What to expect when I tell my adoptive parents
I have recently, within the last week, located both of my birth parents. I hired a search agency, and they made the initial contact to each parent, and they both indicated they did want me to contact them. The reception I received from my birth mom was somewhat "unenthusiastic", so I am unsure how much additional contact I will have with her, and I am actually completely ok with that, since I do consider my adoptive parents my "mom and dad". However, my birth father told me that he never wanted the adoption, and that he has thought about me every day in the past 42 years, and he definitely wants to meet me. I also have a half sister who has known about me all her life, and wants to meet me also. I am struggling with how I go about telling my adoptive parents about all this, and have some concerns about how they may react. I don't want to cause problems with my relationship with them, but also very much want to meet my birth father and half sister, and possibly continue to stay in touch with them. Anybody out there who has been in my position, if you could please tell me how you went about telling your adoptive parents, and how your new relationships with your birth family have impacted your relationship with your adoptive parents, I would greatly appreciate it.
Hi Cpacyndi,

It really depends on several things. Your current relationship status with your mom and dad. Their personalities and insecurities regarding searching.

If all things are good then you need to decide whether or not you feel like you want to meet your original family before or after you tell your mom and dad. That is completely up to you, some want to figure out if the relationship will continue before bringing it up - others want to go in with everyone knowing. Only you can make that decision.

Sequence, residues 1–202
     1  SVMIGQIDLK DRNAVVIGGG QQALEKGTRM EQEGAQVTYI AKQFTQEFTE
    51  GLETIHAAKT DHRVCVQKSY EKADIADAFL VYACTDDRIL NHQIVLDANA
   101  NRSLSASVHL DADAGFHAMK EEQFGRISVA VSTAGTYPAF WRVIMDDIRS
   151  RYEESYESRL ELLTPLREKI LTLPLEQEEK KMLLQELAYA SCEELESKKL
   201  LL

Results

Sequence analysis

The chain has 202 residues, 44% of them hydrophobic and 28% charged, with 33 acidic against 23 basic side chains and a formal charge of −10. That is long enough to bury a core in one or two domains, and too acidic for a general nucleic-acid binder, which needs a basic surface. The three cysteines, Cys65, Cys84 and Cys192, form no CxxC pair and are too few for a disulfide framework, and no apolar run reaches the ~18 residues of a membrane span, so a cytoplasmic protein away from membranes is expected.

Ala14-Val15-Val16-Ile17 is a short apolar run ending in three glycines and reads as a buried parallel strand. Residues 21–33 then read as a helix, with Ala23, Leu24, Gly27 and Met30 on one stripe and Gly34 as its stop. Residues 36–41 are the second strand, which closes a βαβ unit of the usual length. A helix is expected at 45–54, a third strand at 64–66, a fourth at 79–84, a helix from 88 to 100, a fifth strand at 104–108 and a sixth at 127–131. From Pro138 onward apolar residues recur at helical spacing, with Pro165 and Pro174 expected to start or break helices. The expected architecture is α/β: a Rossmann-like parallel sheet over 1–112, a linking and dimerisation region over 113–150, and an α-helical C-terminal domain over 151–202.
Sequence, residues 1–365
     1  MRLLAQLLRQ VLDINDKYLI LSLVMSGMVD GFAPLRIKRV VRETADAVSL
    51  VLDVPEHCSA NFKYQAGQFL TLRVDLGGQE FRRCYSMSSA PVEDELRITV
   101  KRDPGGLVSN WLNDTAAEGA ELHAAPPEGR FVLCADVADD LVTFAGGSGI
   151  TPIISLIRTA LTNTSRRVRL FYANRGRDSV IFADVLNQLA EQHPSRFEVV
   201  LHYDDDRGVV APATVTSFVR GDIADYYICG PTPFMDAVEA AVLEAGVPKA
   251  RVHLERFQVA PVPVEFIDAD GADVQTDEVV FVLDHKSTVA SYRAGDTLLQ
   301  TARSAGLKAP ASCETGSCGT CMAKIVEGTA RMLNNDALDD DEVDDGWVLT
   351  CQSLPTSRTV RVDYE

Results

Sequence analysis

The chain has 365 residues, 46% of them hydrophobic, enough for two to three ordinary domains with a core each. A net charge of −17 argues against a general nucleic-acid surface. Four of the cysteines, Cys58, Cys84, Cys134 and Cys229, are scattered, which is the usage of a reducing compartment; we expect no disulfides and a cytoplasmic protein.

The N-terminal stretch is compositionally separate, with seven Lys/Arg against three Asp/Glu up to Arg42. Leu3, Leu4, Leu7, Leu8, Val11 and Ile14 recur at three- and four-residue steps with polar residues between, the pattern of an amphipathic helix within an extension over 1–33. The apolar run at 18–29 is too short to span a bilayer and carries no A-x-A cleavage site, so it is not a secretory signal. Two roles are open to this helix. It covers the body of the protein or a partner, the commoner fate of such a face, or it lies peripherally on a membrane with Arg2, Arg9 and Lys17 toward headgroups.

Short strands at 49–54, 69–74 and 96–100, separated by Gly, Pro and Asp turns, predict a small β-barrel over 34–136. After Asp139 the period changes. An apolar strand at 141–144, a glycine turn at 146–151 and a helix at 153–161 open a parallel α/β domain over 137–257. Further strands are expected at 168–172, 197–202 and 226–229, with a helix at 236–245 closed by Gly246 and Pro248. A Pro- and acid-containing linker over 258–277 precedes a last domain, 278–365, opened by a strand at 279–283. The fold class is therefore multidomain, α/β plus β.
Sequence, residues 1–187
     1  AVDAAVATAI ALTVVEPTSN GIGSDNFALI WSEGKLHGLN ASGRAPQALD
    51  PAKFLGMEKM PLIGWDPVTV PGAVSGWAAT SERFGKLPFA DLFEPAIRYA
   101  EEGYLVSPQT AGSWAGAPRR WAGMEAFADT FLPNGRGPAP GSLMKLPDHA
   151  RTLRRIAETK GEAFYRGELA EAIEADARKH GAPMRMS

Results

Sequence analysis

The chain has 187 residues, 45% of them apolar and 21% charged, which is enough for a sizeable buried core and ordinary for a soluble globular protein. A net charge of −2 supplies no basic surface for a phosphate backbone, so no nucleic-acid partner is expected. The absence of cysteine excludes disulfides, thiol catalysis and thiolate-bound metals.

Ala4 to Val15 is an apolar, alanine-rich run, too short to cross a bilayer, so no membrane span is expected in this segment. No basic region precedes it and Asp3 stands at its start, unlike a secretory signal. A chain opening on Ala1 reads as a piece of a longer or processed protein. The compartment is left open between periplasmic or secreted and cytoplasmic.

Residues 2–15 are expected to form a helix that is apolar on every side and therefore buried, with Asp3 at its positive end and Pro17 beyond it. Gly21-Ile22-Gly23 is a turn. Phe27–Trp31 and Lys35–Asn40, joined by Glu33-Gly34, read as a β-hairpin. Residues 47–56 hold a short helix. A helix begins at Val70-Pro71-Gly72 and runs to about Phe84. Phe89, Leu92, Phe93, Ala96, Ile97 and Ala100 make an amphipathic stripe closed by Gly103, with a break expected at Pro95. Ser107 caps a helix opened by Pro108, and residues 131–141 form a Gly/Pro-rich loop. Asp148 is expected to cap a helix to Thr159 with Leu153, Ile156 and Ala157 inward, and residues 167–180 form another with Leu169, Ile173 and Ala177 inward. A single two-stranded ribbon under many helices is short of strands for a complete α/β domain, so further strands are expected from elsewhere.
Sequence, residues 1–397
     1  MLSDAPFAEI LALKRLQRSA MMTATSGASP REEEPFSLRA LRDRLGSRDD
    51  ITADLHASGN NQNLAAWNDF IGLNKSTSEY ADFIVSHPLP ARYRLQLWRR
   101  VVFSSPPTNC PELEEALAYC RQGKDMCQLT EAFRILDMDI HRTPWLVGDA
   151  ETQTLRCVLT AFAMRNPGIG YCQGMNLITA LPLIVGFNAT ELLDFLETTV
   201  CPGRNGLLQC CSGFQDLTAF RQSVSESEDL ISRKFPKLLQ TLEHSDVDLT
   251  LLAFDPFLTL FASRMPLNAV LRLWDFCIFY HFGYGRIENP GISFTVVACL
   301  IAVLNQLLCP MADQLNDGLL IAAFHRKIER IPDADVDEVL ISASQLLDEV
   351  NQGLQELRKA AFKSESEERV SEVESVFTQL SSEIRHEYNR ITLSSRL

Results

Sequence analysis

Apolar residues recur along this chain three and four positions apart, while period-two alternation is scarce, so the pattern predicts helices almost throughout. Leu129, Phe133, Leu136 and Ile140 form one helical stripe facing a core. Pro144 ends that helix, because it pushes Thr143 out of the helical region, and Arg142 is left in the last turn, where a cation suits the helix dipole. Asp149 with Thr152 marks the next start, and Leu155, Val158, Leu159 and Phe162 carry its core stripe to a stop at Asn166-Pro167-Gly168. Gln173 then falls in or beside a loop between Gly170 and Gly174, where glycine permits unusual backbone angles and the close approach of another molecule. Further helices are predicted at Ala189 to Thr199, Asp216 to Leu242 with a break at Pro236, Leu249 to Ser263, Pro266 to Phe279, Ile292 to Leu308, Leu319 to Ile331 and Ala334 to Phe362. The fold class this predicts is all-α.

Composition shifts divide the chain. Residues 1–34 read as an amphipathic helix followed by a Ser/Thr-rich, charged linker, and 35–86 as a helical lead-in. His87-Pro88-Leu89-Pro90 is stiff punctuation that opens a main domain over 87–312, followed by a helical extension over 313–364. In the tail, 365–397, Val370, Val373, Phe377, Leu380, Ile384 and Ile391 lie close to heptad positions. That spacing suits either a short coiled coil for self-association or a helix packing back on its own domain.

What I would suggest is that you try to keep everything very neutral when talking to them. That you made the decision and had someone search and they found them. Reassure them they have nothing to fear in your new journey. You need to figure out how much or how little support you want them to provide and tell them that as well.

What I would also suggest is that you don't allow your words to bias them one way or the other - sometimes things get blown way out of context. Things like saying "The reception I received from my birth mom was somewhat "unenthusiastic"," may be taken as she's a cold woman who really doesn't want to know you so why bother. Sometimes parents do this and only you know your parents so just tread carefully. You may find that your birth mother was just kind of shell-shocked at the news and feels differently - or you may find she isn't interested but until you know more - I would just remain neutral and say it is too early to tell what they really think or feel.

If you did talk about searching with your mom and dad that is probably the best way to bring it up. Whatever is true is generally the best - you didn't tell them when you were searching because you didn't know if there was anything to tell until now - if that is the truth then say that.

Whatever way works best for you is what you need to do. They probably will be a bit (or a lot) insecure during this time so make sure you keep the same level of communication and visits happening now - it may be a very scary time for them.


Kind regards,
Dickons
I have contacted both of my b-parents. But, I have not told my a-mom. (My a-dad is deceased.)

My a-mom would have major difficulties with my contacting my b-family. Those are her issues, not mine, and I don't want to burden myself with her issues. Reunions are difficult enough to navigate.

You are under no obligation to tell your a-parents about your b-parents. You can hold off on that until you're ready to disclose it. It's entirely your choice.
I agree with L4R, you shouldn't feel obligated to tell you parents. I was lucky in the sense both my parents were supportive of my search and did meet both birth parents.